13.09.2021

Sustainable development needs adult learning and education

The entire population of Europe as well as representatives of politics, social partners, and civil society should actively work together to create understanding of climate change and its consequences. The education sector – including non-formal ALE  – must have a permanent seat at the table where the policy decisions are made.

Read the full statement “Sustainable development needs Adult Learning and Education” (pdf)

Summary of EAEA’s statement

EAEA welcomes the European Commission’s public consultation on “Education for environmental sustainability“. EAEA emphasises that Adult learning and education (ALE) must play a central role in European policies and funding programmes to promote and foster the development of sustainability-oriented attitudes and skills.

We also want to highlight that the recent Council conclusions (A comprehensive approach to accelerate the implementation of the UN 2030 Agenda for sustainable development) recognise “the importance of focusing on transformative education at all levels as key for empowering citizens to contribute to these objectives.” Structural funding for ALE providers is essential for providing high-quality learning provision for sustainability, reaching out to people in their communities and establishing joint learning activities with other stakeholders.

EAEA welcomes the communication of the European Commission on Delivering the Green Deal, in which it states that the process towards a green transformation of the European economy requires awareness raising and new knowledge and skills. We regret, however, that the communication focuses very much on re- and upskilling instead of a more holistic vision of ALE in Europe. We believe that green transformation requires holistic learning for all, young and old, in work and outside of the labour market.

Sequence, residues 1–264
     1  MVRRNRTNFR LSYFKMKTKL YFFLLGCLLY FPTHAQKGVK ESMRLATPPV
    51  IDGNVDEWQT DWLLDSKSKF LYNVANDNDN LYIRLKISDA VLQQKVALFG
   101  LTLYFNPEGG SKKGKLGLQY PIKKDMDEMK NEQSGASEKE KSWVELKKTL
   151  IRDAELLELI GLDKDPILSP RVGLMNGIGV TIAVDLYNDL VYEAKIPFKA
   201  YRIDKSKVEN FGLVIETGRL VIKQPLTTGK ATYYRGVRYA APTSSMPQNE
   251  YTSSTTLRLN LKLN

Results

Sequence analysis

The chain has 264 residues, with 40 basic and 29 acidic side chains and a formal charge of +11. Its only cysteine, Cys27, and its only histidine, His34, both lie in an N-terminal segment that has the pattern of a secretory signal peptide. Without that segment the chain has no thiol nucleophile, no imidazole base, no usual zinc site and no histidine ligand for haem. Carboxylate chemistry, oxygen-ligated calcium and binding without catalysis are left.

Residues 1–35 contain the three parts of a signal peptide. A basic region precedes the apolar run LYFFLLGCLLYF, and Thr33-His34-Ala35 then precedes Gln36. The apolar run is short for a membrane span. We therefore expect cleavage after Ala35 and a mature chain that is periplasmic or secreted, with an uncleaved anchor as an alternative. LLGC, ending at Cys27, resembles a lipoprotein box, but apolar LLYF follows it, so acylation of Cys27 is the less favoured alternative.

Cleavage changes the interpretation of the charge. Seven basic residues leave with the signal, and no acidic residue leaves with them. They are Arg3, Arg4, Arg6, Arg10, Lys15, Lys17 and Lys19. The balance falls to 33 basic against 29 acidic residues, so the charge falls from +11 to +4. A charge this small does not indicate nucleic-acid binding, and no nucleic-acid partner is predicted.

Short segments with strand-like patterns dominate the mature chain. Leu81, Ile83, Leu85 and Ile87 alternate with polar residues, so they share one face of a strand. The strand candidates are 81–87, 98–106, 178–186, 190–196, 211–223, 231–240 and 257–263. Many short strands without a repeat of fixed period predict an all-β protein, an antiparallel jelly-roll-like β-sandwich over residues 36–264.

Sustainability is based on three pillars that are closely interwoven and interrelated: economic, ecological, and social sustainability3 . Skills and knowledge must, therefore, always consider the coexistence of these three pillars in order to be “future-proof”. Non-formal ALE promotes these future-proof “life skills”.

Policy coherence – at European as well as national and regional level – is at the forefront of promoting sustainability effectively. Above all, we need to use a holistic approach to education. This requires bringing together sectors that are not traditionally at the same table. The education sector – including non-formal ALE – must have a permanent seat at this table, because the challenges of climate change can only be met together.

EAEA calls on the European Commission to

  • Promote policy coherence and ensure an effective co-ordination of instruments available for the promotion of education for sustainability, especially NextGenerationEU, Erasmus+, Horizon2020, European Social Fund+, DEAR and the Education for Climate Coalition
  • Promote skills linked to all three pillars of sustainability, namely environmental, economic, and social sustainability
  • Take into account the wider skills needed for a green transformation, especially “life skills” such as problem-solving skills, creative and critical thinking skills, but also socio-emotional skills.

EAEA calls on the EU Member States to

  • Pursue a holistic and transformative approach to learning for sustainability, focusing on “life skills” – including sustainability/green skills, through targeted learning activities as well as the integration of sustainability in all areas of learning
  • Ensure adequate structural funding for non-formal ALE to raise awareness of sustainability and promote the skills needed at the individual level, but also for communities and a sustainable shift in production
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